Protecting Your Pets from Poisons: What You Need to Know

In 2017, Frank Bauer was alarmed to discover his beloved seven-year-old lab/shepherd mix, She-ra, had consumed a bottle of construction glue. In addition to containing toxic chemicals, the glue expands several times its original size once it hardens.

Frank immediately called the ASPCA Animal Poison Control Center (APCC) and took She-ra to his local veterinarian. She underwent surgery to remove the large blockage and was fortunately sent home the next day with no long-term injuries.

She-ra’s story illustrates the severe complications that can arise when a pet ingests toxic substances, as well as how easily that can occur with a wide range of household items. In recent years, the APCC has received hundreds of calls about pets ingesting construction glue alone.

Based on the number of calls received by the APCC, the most common pet-ingestion danger involves over-the-counter medications. Almost 40% of the more than 300,000 calls to the APCC hotline last year centered on the consumption of over-the-counter and prescription human medications including ibuprofen, naproxen, and cold medicines. Cats are particularly sensitive to acetaminophen, the active ingredient in many over-the-counter pain relievers.

The APCC releases a “Top Toxins” list every year, providing critical insight for pet owners, veterinarians, and shelters nationwide. This year’s top five:

  1. Over-the-counter medications
  2. Prescription medications
  3. Food Products including grapes, raisins, onions, and garlic
  4. Chocolate
  5. Veterinary products including chewable pet medications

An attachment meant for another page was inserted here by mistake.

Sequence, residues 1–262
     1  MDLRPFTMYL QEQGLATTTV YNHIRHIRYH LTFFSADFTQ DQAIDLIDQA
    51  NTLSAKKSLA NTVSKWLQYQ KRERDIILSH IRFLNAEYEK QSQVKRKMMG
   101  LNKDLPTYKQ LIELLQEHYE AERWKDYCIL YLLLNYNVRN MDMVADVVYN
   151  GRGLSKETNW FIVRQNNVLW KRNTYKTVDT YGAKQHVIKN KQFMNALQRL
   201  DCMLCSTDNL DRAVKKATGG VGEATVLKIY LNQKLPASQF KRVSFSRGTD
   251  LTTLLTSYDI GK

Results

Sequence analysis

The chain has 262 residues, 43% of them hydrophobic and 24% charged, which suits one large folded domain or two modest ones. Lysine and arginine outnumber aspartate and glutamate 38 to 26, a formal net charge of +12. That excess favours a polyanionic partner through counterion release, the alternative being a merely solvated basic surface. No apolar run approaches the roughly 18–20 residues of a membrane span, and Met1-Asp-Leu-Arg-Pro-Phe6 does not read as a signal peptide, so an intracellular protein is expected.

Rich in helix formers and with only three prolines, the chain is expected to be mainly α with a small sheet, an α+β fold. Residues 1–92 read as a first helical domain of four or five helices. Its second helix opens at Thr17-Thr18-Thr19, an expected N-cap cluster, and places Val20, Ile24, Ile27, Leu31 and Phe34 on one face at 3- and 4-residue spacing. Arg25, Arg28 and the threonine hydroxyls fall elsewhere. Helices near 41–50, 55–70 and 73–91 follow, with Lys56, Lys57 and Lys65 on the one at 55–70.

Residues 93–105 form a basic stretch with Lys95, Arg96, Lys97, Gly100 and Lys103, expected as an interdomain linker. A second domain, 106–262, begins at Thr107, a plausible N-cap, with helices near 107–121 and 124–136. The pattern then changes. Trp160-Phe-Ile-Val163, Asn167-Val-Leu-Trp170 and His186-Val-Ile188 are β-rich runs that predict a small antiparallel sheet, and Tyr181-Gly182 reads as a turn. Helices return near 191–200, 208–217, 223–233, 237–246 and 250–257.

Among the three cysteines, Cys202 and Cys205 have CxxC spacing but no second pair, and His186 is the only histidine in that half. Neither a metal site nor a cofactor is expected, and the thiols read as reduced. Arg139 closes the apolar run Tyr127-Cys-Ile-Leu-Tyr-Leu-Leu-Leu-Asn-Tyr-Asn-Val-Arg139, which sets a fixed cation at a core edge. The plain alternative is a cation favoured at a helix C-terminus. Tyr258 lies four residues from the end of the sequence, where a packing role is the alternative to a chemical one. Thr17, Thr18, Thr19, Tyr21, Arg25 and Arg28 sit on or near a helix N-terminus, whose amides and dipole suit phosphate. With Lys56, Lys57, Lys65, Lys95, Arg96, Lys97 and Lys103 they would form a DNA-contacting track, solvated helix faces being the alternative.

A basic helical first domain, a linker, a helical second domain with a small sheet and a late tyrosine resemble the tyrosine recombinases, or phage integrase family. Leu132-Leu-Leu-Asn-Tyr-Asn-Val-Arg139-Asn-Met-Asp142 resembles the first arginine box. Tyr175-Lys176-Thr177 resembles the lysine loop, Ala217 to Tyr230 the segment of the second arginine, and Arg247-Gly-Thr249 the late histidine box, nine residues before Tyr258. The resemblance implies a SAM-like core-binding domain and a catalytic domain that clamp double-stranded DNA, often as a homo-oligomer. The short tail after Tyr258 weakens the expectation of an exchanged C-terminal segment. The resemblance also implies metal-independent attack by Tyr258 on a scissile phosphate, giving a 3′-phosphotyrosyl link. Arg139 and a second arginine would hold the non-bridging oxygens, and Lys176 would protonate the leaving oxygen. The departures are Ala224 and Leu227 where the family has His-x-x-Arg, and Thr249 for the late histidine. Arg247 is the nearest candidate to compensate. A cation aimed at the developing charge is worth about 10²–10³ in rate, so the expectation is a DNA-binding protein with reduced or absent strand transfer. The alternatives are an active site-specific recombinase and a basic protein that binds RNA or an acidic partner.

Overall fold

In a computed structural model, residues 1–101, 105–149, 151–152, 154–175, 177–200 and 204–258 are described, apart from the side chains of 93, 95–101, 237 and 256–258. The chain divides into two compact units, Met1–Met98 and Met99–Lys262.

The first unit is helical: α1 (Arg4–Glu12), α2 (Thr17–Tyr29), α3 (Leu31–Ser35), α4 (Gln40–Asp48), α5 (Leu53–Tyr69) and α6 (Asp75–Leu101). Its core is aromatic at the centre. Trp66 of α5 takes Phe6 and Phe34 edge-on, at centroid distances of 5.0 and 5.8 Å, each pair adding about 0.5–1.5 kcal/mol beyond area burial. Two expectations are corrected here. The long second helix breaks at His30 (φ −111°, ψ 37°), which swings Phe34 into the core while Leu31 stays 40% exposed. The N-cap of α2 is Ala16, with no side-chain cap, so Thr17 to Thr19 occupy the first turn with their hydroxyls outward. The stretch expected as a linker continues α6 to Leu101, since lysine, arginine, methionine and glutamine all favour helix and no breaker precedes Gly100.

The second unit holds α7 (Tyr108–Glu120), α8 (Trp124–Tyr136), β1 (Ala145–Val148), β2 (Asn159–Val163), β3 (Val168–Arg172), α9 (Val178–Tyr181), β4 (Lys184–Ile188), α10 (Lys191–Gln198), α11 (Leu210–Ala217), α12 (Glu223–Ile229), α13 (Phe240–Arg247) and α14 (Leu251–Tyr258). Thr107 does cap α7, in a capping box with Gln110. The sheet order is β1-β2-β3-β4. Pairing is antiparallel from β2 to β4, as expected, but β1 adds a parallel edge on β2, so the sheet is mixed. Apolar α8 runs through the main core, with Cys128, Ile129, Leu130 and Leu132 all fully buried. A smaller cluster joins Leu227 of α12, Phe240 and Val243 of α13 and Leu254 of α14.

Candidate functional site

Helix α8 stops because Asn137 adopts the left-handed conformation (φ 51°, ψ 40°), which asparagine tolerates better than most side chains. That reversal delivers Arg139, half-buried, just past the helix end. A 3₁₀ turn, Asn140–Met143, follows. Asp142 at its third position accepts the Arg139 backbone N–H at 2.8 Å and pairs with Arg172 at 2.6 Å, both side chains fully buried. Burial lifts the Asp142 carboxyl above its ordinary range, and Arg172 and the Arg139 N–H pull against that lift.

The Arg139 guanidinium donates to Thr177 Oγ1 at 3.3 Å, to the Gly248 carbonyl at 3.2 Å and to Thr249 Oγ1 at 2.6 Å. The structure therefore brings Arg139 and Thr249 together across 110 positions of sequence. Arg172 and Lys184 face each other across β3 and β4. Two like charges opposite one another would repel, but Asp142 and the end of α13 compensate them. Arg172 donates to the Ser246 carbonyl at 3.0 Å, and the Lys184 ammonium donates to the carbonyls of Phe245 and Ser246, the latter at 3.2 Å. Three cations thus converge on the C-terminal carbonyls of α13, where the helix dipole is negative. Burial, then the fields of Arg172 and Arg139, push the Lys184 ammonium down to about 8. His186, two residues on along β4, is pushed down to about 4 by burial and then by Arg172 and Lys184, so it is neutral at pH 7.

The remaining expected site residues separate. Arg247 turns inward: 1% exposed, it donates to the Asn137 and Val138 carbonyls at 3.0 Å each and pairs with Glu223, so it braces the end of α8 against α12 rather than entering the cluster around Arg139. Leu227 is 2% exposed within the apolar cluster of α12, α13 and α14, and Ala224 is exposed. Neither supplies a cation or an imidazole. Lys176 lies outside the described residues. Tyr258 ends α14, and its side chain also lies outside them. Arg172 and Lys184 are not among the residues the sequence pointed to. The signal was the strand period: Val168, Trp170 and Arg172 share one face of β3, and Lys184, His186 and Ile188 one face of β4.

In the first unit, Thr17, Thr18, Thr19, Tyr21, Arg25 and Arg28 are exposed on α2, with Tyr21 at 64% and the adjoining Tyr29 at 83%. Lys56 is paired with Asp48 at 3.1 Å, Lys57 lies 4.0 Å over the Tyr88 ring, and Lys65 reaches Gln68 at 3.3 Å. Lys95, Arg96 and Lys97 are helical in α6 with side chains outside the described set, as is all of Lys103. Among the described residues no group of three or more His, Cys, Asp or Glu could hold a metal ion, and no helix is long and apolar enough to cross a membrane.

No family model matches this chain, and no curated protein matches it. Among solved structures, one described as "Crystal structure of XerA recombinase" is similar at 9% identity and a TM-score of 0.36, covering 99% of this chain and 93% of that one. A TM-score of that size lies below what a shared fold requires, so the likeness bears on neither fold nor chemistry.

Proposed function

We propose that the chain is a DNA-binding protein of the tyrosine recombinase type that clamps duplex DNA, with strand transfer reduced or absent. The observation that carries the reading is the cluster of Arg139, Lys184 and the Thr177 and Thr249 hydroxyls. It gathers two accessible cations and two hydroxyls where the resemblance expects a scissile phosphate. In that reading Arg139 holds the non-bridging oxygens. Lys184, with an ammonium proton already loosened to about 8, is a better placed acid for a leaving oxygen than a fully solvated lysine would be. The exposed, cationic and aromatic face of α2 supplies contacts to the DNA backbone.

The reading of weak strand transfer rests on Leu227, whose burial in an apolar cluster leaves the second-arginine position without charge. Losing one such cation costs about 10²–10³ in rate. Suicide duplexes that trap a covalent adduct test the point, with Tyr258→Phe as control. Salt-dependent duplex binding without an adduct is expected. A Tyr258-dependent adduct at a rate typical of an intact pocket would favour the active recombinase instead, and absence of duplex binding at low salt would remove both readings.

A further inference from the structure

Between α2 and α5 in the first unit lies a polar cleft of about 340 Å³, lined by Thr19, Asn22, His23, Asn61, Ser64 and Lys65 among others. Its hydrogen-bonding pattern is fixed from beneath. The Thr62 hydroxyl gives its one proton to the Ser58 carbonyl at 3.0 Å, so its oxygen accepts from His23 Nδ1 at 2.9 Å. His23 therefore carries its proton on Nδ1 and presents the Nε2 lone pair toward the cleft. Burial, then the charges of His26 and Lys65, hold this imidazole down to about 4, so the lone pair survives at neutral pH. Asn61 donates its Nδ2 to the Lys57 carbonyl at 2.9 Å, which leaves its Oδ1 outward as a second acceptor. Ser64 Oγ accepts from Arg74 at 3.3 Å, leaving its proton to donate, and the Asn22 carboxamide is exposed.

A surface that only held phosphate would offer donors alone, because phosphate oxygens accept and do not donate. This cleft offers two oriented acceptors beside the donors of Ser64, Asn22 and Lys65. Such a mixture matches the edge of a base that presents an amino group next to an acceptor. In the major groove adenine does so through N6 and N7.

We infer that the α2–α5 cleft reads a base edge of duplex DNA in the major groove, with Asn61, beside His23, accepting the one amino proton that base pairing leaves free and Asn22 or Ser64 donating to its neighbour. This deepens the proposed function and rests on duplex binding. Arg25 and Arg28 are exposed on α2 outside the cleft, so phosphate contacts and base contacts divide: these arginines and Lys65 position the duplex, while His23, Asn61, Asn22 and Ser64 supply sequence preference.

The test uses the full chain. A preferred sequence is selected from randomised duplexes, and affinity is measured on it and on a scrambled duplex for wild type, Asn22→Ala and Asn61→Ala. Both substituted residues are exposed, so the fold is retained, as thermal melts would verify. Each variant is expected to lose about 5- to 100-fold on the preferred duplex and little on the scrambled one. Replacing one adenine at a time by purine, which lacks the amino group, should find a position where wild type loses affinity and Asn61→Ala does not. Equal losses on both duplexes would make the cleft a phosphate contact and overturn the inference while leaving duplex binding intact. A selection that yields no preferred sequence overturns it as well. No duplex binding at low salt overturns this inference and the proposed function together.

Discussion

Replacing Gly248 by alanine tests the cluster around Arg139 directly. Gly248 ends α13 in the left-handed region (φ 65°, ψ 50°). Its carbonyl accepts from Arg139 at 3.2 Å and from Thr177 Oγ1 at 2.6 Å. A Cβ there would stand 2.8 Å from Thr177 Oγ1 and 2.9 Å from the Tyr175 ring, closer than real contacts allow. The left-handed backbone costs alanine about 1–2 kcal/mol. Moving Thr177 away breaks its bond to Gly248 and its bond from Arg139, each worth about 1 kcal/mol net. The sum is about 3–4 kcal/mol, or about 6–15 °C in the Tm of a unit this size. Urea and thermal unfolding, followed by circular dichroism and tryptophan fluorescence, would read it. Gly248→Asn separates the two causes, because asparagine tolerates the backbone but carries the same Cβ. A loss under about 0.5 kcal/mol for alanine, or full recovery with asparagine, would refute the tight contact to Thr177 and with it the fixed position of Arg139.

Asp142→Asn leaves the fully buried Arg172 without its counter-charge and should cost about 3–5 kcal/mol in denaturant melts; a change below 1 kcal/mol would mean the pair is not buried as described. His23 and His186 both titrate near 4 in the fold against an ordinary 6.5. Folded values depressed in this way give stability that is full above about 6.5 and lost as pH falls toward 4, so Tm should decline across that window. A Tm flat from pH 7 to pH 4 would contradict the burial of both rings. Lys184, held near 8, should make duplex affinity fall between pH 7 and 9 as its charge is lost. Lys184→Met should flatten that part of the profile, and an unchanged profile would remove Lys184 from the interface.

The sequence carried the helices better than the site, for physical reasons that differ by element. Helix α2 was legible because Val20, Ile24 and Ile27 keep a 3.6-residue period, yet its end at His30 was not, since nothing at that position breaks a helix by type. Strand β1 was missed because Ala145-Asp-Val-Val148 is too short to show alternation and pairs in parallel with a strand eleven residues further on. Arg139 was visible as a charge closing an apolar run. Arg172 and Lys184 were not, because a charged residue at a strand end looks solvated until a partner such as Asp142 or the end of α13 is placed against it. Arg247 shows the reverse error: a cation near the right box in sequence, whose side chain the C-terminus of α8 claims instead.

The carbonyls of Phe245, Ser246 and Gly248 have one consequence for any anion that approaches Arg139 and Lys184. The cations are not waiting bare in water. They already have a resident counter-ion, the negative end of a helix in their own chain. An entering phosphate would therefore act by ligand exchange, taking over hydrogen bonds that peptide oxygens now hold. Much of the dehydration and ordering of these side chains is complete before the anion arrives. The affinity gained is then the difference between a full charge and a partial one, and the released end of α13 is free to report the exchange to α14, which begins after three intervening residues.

All pet owners always need to be aware of and keep these poisonous and harmful substances out of their pets’ reach.

It’s also essential for pet owners to recognize the symptoms of toxicosis – conditions caused by the action of a poison or toxin – which may include vomiting, diarrhea, tremors, and seizures. Contact your veterinarian immediately if you suspect your pet is experiencing any of these symptoms or other symptoms you think may be linked to a harmful exposure. You can also call the APCC’s 24-hour hotline at (888) 426-4435, which receives an average of 1,200 calls every day. Please keep these numbers in an easy-to-find location for quick access.

National Poison Prevention Week, March 17 – March 23, reminds people to keep toxic items and materials away from pets, but it also encourages us to share these warnings with friends, family, and colleagues in your real and virtual communities, and I hope you do. This room-by-room infographic may help.

It’s easy to think an emergency like what happened to She-ra will never happen to you and your family, but it absolutely can, and with potentially tragic results. For the benefit of you and your pets, please be careful, be safe, and be prepared.

Add Comment

This site uses Akismet to reduce spam. Learn how your comment data is processed.

pit bull
Dog Rescued After Being Chained to Steel Rod on Beach
Rescue Dog Loses Back Paws: Gets Adopted by Detective with Prosthetic Leg
Dog running
Why Rescue Dogs Need Forever Homes
New Evidence of Canine Intelligence has Just Surfaced
Border Collie Boston Terrier Cane Corso Chihuahua Corgi French Bulldog German Shepherd Golden Retriever Great Dane Pit Bulls Rottweiler Siberian Husky Tibetan Mastiff
Scottish Terrier
10 Things You Didn’t Know about The Scottish Terrier
Manchester Terrier
10 Things You didn’t Know about The Manchester Terrier
American White Shepherd
10 Things You Didn’t Know about The American White Shepherd
Dog Tips
Tips on How to Have a Dog-Friendly Barbecue in the Summer
The Reason Why Small Dogs Can be so Fierce
The Reason Why Pit Bulls Can’t Swim Well
Preparing a Dog For When You Return to the Office
130 Dog Deaths May Be Linked to Midwestern Pet Foods
dog food
Why Some Dog Foods are Linked to Deadly Heart Disease
Acupuncture Dogs
Can Acupuncture Help Your Dog During Illness?
Molly the Dog
Owner Documents Dog’s Radiation Journey to Treat Tumor